Boxing: Francis gets damages over Tyson fight claim

Former British and Commonwealth heavyweight boxing champion Julius Francis today accepted ‘‘substantial’’ undisclosed libel damages.

Former British and Commonwealth heavyweight boxing champion Julius Francis today accepted ‘‘substantial’’ undisclosed libel damages.

It followed newspaper allegations that he ripped off the boxing public by not doing his best to win his fight with Mike Tyson in Manchester last year.

His manager, Frank Maloney, who manages current world heavyweight boxing champion Lennox Lewis as well as Mr Francis, also accepted substantial damages and a public apology over an article in the Daily Star in February last year in Dawn Neesom’s weekly column under the heading ‘‘Ripped off by Julius Freezer’’.

Mr Richard Hartley QC, counsel for Mr Francis and Mr Maloney, told Mr Justice Gray in the High Court in London today:

‘‘The overall tenor of the article was that they had sold the integrity of their sport for financial gain and were a disgrace to boxing.’’

He said Mr Francis fought Mike Tyson, the former undisputed heavyweight champion of the world, that in Manchester on January 29, 2000.

‘‘It was Mr Tyson’s first fight in this country and attracted a great deal of publicity,’’ Mr Hartley went on.

The fight was broadcast on Sky Television.

‘‘The fight was stopped in the second round when the referee awarded the bout to Mr Tyson.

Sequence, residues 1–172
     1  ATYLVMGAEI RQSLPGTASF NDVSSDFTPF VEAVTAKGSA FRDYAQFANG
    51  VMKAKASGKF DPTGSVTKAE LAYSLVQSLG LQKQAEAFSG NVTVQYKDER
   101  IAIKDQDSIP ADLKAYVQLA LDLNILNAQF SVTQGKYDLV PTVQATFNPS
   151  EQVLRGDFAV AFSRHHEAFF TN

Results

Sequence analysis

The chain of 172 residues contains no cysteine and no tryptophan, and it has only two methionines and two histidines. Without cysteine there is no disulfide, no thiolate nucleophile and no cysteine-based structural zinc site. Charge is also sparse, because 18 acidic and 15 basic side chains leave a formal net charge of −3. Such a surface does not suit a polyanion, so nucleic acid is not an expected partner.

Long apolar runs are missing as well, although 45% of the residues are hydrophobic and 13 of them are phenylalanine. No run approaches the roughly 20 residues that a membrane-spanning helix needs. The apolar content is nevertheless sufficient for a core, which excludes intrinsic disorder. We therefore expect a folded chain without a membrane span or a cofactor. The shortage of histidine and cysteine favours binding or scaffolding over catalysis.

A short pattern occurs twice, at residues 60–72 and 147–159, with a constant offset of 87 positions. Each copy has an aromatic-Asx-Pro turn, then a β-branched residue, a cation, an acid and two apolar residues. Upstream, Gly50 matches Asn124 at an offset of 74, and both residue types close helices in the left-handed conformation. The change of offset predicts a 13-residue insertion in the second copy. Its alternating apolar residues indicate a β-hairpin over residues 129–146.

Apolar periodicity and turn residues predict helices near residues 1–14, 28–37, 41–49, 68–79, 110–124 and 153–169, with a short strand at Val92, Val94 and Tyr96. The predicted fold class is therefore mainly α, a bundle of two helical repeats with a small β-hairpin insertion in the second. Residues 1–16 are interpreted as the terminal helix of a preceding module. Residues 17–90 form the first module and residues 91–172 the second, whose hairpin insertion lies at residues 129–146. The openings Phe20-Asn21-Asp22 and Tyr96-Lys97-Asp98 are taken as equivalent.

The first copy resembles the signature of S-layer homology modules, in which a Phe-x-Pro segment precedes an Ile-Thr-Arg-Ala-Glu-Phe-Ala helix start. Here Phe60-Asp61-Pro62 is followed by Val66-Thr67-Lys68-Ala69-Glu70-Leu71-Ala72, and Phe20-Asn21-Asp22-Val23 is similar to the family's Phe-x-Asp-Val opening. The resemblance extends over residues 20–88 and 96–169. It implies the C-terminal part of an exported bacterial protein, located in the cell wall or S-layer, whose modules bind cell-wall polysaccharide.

‘‘The Sky commentators, who included four former world boxing champions, were unanimous in their praise for the great courage shown by Mr Francis during the fight, particularly as he had been subjected to very powerful punches from the most formidable of opponents and had been knocked down four times but had bravely risen to his feet on each occasion to continue the bout.’’

On February 3, 2000, the Daily Star article ‘‘attacked the integrity and honesty of the claimants (Mr Francis and Mr Maloney) in that it implied that Mr Francis, with the connivance of Mr Maloney, had conned and ripped off the boxing public by not doing his best to win and, indeed, not even bothering to train properly.

‘‘It also accused Mr Francis of pretending to be badly hurt and distressed by his defeat when in fact he was not hurt or distressed at all.’’

Mr Hartley said the allegations were ‘‘wholly untrue and should never have been made’’ and added:

‘‘Mr Francis underwent the most rigorous training in preparation for the fight and was always determined to fight to the very best of his ability.’’

The defendants, Ms Dawn Neesom, assistant editor of the Daily Star, and Express Newspapers Ltd, the publishers, had agreed to pay Mr Francis and Mr Maloney ‘‘a substantial sum by way of damages and to pay all their costs on an indemnity basis’’.

Mr Geoffrey Shaw QC, for the defendants, told the court: ‘‘For their part the defendants welcome this opportunity to withdraw their allegations against Mr Francis and Mr Maloney and to apologise to them for the distress and embarrassment they have been caused which was not their intention".

Afterwards Mr Francis, 36, who has his next fight on April 3, said: ‘‘I suppose I am happy, but as far as I was concerned what was said should not have been said in the first place.

‘‘Anyone who saw the fight or had anything to do with it knew I had tried my best.’’

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